03 May, 2010

Article Round-Up

Since I am seemingly incapable of posting one thought nowadays - here is what caught my attention this morning:

Myanmar two years later - how are things going? Can we write this article about Haiti in two years? 
  - "We can't always rely on food aid. We have to stand on our own in order to move on."
   - The recovery of "income-generating activities is crucial to landless household livelihoods, and is still low." 
   - "The world has shifted attention to other disasters, and that's an explanation as to why funding is not coming to us," said Thierry Delbreuve, head of the UN Office for the Coordination of Humanitarian Affairs (OCHA) in Myanmar. 

Will Kagame Retire in 2017? Somehow I doubt it. 
   - "From this perspective therefore, it seems that the longer a president stays in power, the harder it becomes to respect term limits. This is partly because longevity may create many constituencies of hostility, but it also entrenches powerful interests in the body politic. In a 2008 Afro Barometer survey, most Africans said they want term limits. Yet this popular feeling does not find much currency in politics because the powerful can still manipulate electoral politics to remain in power."
   - "I do not know a leader of an insurgent army that captured power as RPF did and left power voluntarily – in Zimbabwe, Uganda, North Korea, Cuba, etc. If Kagame respects term limits and retires in 2017, it will be an act with few precedents, if any. Many in RPF will want him to stay. How can we tell whether he will resist or yield?"

    - Nearly 900 beggars, homeless people and suspected petty thieves, including dozens of children, have recently been rounded up from the nation's neatly swept streets and sent — without trial or a court appearance — to this little-known outpost. They will spend up to three years here being "rehabilitated," learning skills like bricklaying, hairdressing and motorcycle maintenance.
      It is one of the country's newest self-improvement projects, and it seems a fitting symbol for what many political analysts and human rights groups say Rwanda has become: orderly but repressive.
    - But while the nation continues to be praised as a darling of the foreign aid world and something of a central African utopia, it is increasingly intolerant of political dissent, or sometimes even dialogue, and bubbling with bottled-up tensions. Recent grenade attacks in Kigali and a shake-up in the army showed that even one of the cornerstones of the new Rwandan state — personal security — might be in danger.
   - Rwandan officials are prickly about complaints. President Kagame lashed out at foreign critics this month, saying, "Who should be giving lessons to Rwanda's 11 million people about what is good for them?" He called opposition leaders "hooligans" and said Rwandans were "as free, as happy, as proud of themselves, as they have never been in their lives."

I love that phrase: orderly but repressive. I have struggled for months trying to figure out how to describe Rwanda to people - and there it is. It is a dictatorship wrapped in a democracy, with deep western ties and the facade of civility and modernization.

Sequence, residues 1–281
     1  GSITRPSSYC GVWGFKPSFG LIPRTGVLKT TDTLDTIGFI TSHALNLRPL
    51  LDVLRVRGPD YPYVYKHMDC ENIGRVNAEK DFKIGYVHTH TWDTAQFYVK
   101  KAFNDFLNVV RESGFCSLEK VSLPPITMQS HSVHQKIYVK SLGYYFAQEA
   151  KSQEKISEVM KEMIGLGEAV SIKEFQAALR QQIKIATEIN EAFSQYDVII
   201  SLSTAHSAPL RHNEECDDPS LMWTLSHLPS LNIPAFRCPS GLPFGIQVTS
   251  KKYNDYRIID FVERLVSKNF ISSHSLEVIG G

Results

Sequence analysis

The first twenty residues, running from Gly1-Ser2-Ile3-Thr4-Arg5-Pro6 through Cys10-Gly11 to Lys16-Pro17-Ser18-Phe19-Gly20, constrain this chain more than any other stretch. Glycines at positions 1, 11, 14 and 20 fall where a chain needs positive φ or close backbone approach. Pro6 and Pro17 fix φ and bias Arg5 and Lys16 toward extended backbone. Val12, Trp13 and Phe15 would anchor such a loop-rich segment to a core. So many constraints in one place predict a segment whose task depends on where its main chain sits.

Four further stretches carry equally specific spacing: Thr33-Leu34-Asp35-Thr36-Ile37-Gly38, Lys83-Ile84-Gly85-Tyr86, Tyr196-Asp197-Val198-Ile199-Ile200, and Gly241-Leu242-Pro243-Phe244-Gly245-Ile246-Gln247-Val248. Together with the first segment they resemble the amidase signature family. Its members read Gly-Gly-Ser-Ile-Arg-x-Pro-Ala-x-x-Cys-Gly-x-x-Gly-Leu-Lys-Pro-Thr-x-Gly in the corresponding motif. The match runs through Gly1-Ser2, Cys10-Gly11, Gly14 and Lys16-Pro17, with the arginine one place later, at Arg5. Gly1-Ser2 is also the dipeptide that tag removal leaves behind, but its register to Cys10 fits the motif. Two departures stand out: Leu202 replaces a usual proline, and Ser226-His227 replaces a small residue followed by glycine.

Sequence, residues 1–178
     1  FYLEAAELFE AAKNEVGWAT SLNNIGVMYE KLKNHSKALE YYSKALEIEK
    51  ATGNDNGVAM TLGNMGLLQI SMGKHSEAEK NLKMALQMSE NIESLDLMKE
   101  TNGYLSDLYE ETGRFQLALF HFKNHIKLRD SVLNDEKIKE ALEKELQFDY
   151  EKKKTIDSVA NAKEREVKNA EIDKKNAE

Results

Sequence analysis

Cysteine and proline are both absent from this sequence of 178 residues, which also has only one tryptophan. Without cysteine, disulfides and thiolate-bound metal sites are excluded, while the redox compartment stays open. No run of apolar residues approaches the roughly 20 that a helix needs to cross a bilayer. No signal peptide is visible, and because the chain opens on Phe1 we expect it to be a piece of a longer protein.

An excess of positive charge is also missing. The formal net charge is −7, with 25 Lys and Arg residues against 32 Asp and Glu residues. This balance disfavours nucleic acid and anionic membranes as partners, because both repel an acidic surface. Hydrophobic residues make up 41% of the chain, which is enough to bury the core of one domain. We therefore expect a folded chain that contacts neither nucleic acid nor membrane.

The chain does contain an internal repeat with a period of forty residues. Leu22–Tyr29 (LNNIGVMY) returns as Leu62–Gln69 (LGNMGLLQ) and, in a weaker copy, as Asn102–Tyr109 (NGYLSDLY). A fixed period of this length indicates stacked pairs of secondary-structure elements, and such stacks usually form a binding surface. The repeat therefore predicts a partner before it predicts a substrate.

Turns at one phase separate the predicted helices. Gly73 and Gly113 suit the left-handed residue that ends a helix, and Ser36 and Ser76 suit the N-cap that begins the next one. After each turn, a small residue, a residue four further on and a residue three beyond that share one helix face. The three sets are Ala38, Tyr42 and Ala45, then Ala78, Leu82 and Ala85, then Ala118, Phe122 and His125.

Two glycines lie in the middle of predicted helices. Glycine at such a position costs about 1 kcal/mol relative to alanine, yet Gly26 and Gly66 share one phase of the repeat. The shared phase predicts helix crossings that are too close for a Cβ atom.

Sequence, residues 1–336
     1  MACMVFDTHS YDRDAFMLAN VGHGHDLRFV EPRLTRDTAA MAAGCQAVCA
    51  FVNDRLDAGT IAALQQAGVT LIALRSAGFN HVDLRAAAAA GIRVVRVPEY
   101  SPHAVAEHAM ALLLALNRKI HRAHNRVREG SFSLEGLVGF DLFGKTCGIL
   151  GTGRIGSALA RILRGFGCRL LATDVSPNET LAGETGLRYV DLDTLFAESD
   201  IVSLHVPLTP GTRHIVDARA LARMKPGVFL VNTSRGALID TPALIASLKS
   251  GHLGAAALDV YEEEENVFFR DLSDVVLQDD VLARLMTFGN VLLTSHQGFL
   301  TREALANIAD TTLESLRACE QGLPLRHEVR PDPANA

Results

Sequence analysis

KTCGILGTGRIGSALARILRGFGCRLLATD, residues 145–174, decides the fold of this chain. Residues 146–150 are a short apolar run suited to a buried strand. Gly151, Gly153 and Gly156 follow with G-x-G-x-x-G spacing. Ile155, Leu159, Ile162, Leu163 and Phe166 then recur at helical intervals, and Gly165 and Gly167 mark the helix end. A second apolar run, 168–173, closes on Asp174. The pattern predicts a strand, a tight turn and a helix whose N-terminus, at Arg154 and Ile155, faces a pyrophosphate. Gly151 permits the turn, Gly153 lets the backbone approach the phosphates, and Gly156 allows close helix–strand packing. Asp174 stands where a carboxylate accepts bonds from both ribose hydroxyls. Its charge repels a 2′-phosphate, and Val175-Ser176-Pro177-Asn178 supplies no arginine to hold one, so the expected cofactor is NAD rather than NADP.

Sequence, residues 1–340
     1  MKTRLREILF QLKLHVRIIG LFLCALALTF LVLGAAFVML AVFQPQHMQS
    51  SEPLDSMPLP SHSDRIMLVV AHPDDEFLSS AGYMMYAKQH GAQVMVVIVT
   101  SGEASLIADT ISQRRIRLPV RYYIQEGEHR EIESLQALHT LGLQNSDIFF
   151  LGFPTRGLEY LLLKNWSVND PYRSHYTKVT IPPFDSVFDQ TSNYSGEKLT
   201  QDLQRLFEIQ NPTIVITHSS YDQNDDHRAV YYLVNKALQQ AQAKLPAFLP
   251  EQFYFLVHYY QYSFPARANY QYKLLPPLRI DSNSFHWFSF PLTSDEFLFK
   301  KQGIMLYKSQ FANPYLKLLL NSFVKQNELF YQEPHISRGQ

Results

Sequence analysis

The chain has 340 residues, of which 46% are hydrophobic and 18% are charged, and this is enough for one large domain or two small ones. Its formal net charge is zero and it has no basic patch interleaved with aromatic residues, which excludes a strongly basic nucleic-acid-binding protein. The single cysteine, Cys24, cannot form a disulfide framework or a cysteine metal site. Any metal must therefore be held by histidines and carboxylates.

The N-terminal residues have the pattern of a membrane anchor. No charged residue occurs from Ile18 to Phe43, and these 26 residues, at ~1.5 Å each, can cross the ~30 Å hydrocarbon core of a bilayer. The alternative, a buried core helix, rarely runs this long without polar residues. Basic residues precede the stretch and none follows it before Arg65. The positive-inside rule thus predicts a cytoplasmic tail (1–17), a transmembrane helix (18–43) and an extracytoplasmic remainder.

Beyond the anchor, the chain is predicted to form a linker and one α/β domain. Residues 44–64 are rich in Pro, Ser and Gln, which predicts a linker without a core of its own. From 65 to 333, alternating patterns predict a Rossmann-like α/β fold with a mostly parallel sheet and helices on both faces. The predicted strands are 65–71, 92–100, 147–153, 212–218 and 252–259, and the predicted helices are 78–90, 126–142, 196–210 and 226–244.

But really - the island is not that far off from some of Rwanda's other initiatives. 

MTV's 16 and Pregnant - what it includes and leaves out... 

Oh what a touchy subject. But it's Monday and I am a bit bored at work. Contraception and sex-ed in schools. The show (I guess, I have seen a total of, at most, seven minutes, and wanted to pull my hair out - having lived through a couple teen pregnancies w/ my friends and family - which looked nothing like the show and really, if Dr. Drew was doing his job, instead of focusing on why she got pregnant - let's talk about why she's staying with her jerk of a boyfriend who treats her like crap and, let's be honest, won't be there when the bundle of joy comes - there are my two cents). So, the show does mention adoption (woo hoo!) and does not talk about abortion (which I also appreciate), but also doesn't talk about prevention - abstinence (which is not a bad word) or contraception (which isn't one either). 

So let's not talk about how these girls got pregnant at 16. (Did you know the U.S. the highest rate of teen pregnancy of any industrialized nation?). Let's not address the root issues of teen pregnancy, let's not discuss more effective, inclusive sex-ed for our children. 

You can say no - you don't have to have sex and that does not make you a freak or mean you will explode at eighteen or that there is something wrong with you. You can also choose to have sex with prevention, you can also choose to have sex w/o it and then make an adult decisions for your adult decision to have sex (aka - not an abortion). Let's talk to girls about their bodies and the decisions they can make about their bodies. Let's talk to boys about respecting women, let's talk to both of them HONESTLY about what happens if you are 16 and pregnant and what it's not -  that stupid Lifetime movie about pact pregnancies where you take home a bundle of love that sleeps and lets you still go out with your friends on a Friday night w/ no financial, mental or physical burden to you at all - but does impact your entire life and changes everything.

"The important point isn't that birth control fails ... but that sex ed fails when it begins and ends in a clinic a few weeks before prom."